Objective: Asthma affects between 3% to 8% of pregnant women. Previous studies have suggested that women's prescriptions for asthma medications change during pregnancy. The aim was to describe the prescription of asthma medications before and during pregnancy in France.
Methods: Women from the EFEMERIS, a French database assessing the drugs prescribed, dispensed and reimbursed during pregnancy, delivering between July 2004 and December 2012, were included. Women, who were dispensed asthma medications on at least two dates from 3 months prior to pregnancy through delivery, were considered.
Results: 2,977 women out of 69,205 (4%) were selected. They were prescribed 2.4 ± 1.2 different anti-asthmatic drugs with 3.5 ± 2.7 different dispensing dates. Almost 62% of the women were dispensed at least one prescription for short-acting β2-agonist (SABA), 63% at least one inhaled corticosteroid (IC), 42% a fixed-combination of an IC and a long-acting β2-agonist (LABA) and 8% a LABA. An increase in SABA and IC prescriptions and a decrease in fixed-combination prescriptions were observed during pregnancy compared to pre-pregnancy period. A rapid drop in prescriptions for montelukast was observed. Among the 1,507 women who were prescribed asthma medication before pregnancy, one third had a drop in dispensed asthma medications from the beginning of pregnancy.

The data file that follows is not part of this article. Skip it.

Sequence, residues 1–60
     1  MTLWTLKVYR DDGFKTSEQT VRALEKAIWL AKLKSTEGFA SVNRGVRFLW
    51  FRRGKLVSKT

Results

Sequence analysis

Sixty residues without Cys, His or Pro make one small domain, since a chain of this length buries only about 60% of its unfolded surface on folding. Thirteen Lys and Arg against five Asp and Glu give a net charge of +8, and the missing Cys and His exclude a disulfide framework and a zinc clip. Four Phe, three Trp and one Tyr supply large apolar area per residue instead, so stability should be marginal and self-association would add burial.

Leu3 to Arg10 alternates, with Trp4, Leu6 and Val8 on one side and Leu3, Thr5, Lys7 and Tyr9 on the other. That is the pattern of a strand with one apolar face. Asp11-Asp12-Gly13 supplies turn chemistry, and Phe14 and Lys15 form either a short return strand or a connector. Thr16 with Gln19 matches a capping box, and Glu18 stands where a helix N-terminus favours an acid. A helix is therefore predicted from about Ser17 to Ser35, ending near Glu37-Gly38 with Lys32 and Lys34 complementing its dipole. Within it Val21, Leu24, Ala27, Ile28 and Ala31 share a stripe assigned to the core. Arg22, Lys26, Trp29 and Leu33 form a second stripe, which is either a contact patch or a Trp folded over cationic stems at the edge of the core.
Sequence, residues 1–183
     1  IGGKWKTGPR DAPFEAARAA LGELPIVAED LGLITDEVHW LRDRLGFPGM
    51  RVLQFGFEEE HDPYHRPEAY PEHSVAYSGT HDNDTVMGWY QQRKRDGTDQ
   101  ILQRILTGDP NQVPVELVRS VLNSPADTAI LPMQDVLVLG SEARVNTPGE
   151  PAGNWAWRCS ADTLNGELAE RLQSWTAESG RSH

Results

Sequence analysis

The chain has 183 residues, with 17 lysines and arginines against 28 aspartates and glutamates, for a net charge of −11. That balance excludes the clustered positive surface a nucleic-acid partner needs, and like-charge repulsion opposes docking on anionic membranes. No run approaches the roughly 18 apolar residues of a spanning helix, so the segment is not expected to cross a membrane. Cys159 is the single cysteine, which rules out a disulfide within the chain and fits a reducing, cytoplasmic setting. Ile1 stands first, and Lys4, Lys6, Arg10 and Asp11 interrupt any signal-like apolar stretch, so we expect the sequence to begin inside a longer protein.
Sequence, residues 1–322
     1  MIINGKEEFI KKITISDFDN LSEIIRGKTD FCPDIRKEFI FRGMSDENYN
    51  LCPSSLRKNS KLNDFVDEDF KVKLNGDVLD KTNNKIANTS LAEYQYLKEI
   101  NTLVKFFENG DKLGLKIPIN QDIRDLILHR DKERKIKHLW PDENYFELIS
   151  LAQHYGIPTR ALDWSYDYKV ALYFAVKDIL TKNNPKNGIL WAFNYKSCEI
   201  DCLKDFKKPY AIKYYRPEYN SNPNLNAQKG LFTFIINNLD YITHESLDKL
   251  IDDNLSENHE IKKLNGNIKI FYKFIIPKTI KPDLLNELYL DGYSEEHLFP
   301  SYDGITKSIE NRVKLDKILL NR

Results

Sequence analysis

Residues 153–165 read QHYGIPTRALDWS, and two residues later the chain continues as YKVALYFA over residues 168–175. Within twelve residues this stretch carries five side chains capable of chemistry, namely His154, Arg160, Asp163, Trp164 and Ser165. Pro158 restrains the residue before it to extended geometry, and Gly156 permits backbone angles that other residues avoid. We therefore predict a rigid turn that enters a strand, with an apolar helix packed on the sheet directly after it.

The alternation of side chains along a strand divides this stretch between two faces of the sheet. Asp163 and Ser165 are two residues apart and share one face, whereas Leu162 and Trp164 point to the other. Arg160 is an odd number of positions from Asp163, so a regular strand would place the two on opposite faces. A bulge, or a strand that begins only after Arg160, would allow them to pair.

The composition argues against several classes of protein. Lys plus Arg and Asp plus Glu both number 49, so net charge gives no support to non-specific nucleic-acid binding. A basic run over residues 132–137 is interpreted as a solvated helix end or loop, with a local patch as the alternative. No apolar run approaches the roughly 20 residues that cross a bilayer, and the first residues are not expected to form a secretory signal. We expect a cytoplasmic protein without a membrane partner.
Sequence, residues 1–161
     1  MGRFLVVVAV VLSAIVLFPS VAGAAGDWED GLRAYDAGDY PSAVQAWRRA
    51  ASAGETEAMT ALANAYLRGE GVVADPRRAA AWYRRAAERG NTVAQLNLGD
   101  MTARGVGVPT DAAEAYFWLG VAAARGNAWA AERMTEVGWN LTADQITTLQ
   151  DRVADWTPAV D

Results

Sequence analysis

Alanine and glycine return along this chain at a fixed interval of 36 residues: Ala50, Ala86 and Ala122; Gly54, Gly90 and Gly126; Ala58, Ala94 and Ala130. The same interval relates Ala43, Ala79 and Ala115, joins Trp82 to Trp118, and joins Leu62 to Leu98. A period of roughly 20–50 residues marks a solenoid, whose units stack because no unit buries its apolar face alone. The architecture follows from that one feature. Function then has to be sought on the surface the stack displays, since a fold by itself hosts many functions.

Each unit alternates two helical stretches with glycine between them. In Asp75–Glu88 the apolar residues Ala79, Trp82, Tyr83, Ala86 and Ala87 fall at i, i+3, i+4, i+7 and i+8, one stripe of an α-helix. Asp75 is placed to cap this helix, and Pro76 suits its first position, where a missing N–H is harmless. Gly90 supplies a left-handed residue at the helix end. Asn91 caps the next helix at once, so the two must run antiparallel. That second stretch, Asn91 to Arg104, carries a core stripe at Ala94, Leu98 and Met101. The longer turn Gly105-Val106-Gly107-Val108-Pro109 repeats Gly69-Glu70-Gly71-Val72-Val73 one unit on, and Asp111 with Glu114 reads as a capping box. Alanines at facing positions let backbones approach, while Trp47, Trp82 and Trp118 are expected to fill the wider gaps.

Conclusions: The prevalence of dispensed asthma medications varies during pregnancy. There is a decrease in the prescriptions of fixed-combinations during pregnancy and an increase in the prescriptions of ICs. It appears important to study the potential impact of such changes on fetuses and newborns.
Keywords: Asthma medication; EFEMERIS cohort; drug utilization study; pregnancy.